A woman in a bathrobe, her hair full of curlers, opened the door of her room with every intention of going down to the soft drink machine. Confronted with Barbarossa going by, an outsized Visigoth swinging an automatic pistol, she let out a little yelp and slammed the door. No one smiled. Barbarossa tugged at his earring and muttered: "I'll be glad to get rid of this sonofabitch--drives me nuts."

The silence deepened, pervaded, restrained the breathing of the men up and down the walkway, until the thought flashed through Con's mind that it would take a great effort of will to violate it. Badboy's reticence, if he had any, was not visible as he moved to slip a pick expertly into the lock. Summer insects murmured in surrounding trees and an occasional car or truck hummed past on the freeway--Con envied them their innocence--otherwise, time was suspended. The door edged open with a tiny click and then stopped. Badboy pressed firmly but gently, without success. The chain was on. He listened. No sound from inside. The three men glanced at each other; no one spoke, but Badboy mouthed, "Shit."

Con motioned the others to move aside. He pointed his carbine down at the floor, holding it well out to the side, and backed up against the railing. Looking along the walkway at the other team, he raised his free hand high. His right leg came up and, for one absurd moment, he resembled a wooden soldier on the march. Everyone watched that raised arm.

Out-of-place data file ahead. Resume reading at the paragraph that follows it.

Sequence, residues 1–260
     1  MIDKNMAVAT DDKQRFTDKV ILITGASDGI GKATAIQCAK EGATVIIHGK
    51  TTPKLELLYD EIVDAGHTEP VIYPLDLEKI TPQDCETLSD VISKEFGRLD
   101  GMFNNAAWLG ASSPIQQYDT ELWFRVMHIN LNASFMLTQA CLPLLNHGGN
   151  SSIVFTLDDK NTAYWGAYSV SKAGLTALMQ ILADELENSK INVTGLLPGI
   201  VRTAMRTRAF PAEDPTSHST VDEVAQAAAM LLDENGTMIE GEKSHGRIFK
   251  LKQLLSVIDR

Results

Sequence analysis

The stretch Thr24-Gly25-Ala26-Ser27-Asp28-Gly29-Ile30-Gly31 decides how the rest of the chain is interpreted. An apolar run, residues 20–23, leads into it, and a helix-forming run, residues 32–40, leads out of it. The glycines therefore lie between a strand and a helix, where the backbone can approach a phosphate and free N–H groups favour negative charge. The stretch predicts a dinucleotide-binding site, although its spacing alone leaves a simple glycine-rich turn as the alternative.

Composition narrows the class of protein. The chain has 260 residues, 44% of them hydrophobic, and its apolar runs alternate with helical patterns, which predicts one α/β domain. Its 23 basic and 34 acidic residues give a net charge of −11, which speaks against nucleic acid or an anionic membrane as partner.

Con yelled and the hand jerked down. It swung back to the railing and gripped it, helping to lift him off the ground as he launched one foot at the door. There was a cracking sound, but it failed to give. He cursed himself for not having brought a ram.

Badboy began shouting, "Police, police!" in his accented and peculiarly high voice and similar cries were heard from the far end of the walkway, where the first team smashed through without difficulty.

Con reared back and kicked the door again and succeeded only in damaging some ligaments in his foot, which he ignored. By now they were all hollering like maniacs and the din was almost disorienting. Before he could have a third try at it, using his other foot, Barbarossa was past him to hit the door with a great bellow and a shoulder the size of a buffalo's hump, ripping the chain out of the molding with a splintering sound.

The momentum unexpectedly carried him into the room on an angle, stumbling and clawing at black space for balance. He was still hollering but the arc was downward and he found himself utterly helpless in a room as dark as the inside of a stomach. The pistol in his right hand flailed in all directions. He could hear Badboy outside, still at it: "Freeze, motherfuckers! Freeze, goddammit!" but he knew that wouldn't protect him.